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Harper v. Missouri State Highway Patrol

Court of Appeals of Missouri, Western District, Special Division

November 5, 2019

KIMBERLY HARPER AND SHARON KAY HARPER, Appellants,
v.
MISSOURI STATE HIGHWAY PATROL, ET AL., Respondents.

          Appeal from the Circuit Court of Cole County, Missouri Honorable Jon Edward Beetem, Judge.

          Before: Thomas H. Newton, Presiding Judge, Alok Ahuja and Thomas N. Chapman, Judges.

          Thomas H. Newton, Presiding Judge.

         Summary

         Ms. Kimberly Harper and Ms. Sharon Kay Harper (Harpers), Appellants, seek an injunction under the Missouri Sunshine Law (Sunshine Law) section 610.010[1] against the Missouri State Highway Patrol (MSHP), after it refused to disclose information relating to the shooting of now deceased Cpl. Bob Harper. The circuit court determined that the records are protected from disclosure under the Freedom of Information Act (FOIA), by way of 5 U.S.C. §§ 552(b)(7)(A) and 552(c)(1). Appellants challenge as error the circuit court's declaration and application of the federal law and not state law. We reverse.

         Kimberly and Sharon Kay Harper are the daughter and widow, respectively, of a former MSHP Patrolman, Cpl. Harper. MSHP is a public governmental body subject to the requirements of the Sunshine Law. Corporal Harper was shot at his home in 1994, and, both the MSHP and the Federal Bureau of Investigation (FBI) opened separate investigations into the shooting. The FBI policy in 1994 permitted attaching a copy of the FBI report to the narratives of state agencies; in 2001, however, a policy change limited the state agency to only reference the FBI report number in its own narrative. The MSHP investigators with FBI clearance to review FBI reports would write a narrative report referring to the FBI report information. In 1996, the MSHP created lead report #151, a narrative of an FBI interview, with the attached FBI report.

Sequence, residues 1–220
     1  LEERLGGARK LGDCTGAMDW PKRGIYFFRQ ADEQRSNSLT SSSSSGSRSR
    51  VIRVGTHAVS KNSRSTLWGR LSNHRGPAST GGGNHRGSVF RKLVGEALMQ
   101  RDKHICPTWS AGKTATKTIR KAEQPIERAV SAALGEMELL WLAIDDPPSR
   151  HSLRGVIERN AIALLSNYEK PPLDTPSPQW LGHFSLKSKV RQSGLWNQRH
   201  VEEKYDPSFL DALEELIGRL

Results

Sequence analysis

Q. Okay. The next exhibit I've marked is 16. It's Lead Report 151, plus it looks like some attachments that are all redacted.
A. This is one of the FBI reports I was talking about that we get the report, we refer to the report. This is how we referred to the FBI report and then the FBI report that was in this file was redacted.
Q. Okay. And I'm sorry if I'm asking questions you feel like you've already answered.
A. Yeah.
Q. So these full redacted pages, this is a report -- this is pages that the FBI-
A. This is an FBI report.
Q. Okay.
A. Right.
Q. But is it retained by the Missouri State Highway Patrol if it's in the FBI report?
A. This FBI report -- a copy of this FBI report was with this narrative.
Q. Okay. And it was used by your investigative team during this investigation?
A. They may have used it, correct.
Q. But it was in their possession?
A. It was in their -- the copy was in their possession.

         In 2016, the MSHP created lead report #305, a narrative referencing information from a different FBI report, without the FBI report attached.

Q. Yes. We have a copy of Lead 305.
MR. RESCHLY: But not the attachments.
MS. WILCOX: Right.
BY MS. WILCOX:
Q. But it looks like the attachments that would have been the FBI's report that it references -
A. Right. This -- this -- this report refers to a lead that we received reference the Harper investigation. That lead was forwarded to the FBI office in Raleigh, North Carolina, and they followed up on it. Then they wrote a report. It is the ...

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